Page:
Climate change is the greatest threat to humanity this century, and industry is often pinned as the primary culprit. However, the world’s military are among the greatest polluters in history and only diplomacy can save us, comments Andrew Kakabadse, Professor of Governance & Leadership and Nada Kakabadse, Professor of Policy, Governance & Ethics at Henley Business School.
As a species, we are facing an existential risk of self-destruction by catastrophic climate disruption. The earth has already warmed by 1.2°C above pre-industrial levels and the rate of carbon emissions suggest a trajectory of around 4°C warming this century.
Furthermore, climate change makes an already precarious social and political situation far worse through the inevitability of associated food shortages, water crises, governance failure and interstate conflict.
Two centuries of industrialisation have deeply embedded fossil fuel energy consumption into the human psyche. Nearly two-thirds of cumulative global greenhouse gas emissions between 1751 and 2010 can be attributed to just 90 major fossil fuel-driven corporations and enterprises.
The Carbon Major Database shows that 32% of legacy emissions come from investor-owned companies, clearly indicating the unharnessed influence of investors in the push for a sustainable economy.
The race to extract yet more oil
Over the past 200 years, the extraction and combustion of large volumes of coal, oil, and gas for energy, manufacturing and transportation, as well as the depletion of carbon absorbers, such as forests and peat lands, have led to shifts in atmospheric greenhouse gas (GHG) concentrations of a magnitude and pace that poses a deep threat to humanity.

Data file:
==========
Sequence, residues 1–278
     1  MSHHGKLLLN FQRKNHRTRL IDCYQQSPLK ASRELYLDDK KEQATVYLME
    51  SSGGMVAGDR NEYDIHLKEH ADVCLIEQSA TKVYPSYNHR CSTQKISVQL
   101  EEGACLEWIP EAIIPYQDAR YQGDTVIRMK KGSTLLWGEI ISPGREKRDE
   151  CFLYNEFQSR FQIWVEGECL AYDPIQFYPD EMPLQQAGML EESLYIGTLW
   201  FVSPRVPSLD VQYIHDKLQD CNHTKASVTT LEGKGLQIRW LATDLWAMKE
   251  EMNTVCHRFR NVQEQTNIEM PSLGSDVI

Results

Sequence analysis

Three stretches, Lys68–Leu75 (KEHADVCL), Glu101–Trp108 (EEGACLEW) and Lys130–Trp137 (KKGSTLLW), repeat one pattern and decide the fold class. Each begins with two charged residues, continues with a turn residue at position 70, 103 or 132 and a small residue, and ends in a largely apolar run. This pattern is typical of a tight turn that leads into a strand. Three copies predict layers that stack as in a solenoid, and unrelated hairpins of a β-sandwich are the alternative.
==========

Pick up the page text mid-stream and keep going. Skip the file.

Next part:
More than 90% of the heat trapped by greenhouse gas emissions has been absorbed by the seas, with just a few per cent heating the air, land and ice caps respectively. The vast amount of energy being absorbed by the oceans has driven sea levels up and promotes hurricanes and typhoons to become even more intense.
Moreover, at the behest of governments, fossil fuel extraction corporations are drawing on their innovative capacities to unlock new and unconventional fuels, such as tar sands development, hydraulic fracturing, and the melting Arctic as new means of extraction.
The race to extract yet more oil, coal and gas highlights how globalised capital encourages interstate competition, increases conflict for resources and undermines the much-needed global cooperation to address climate change.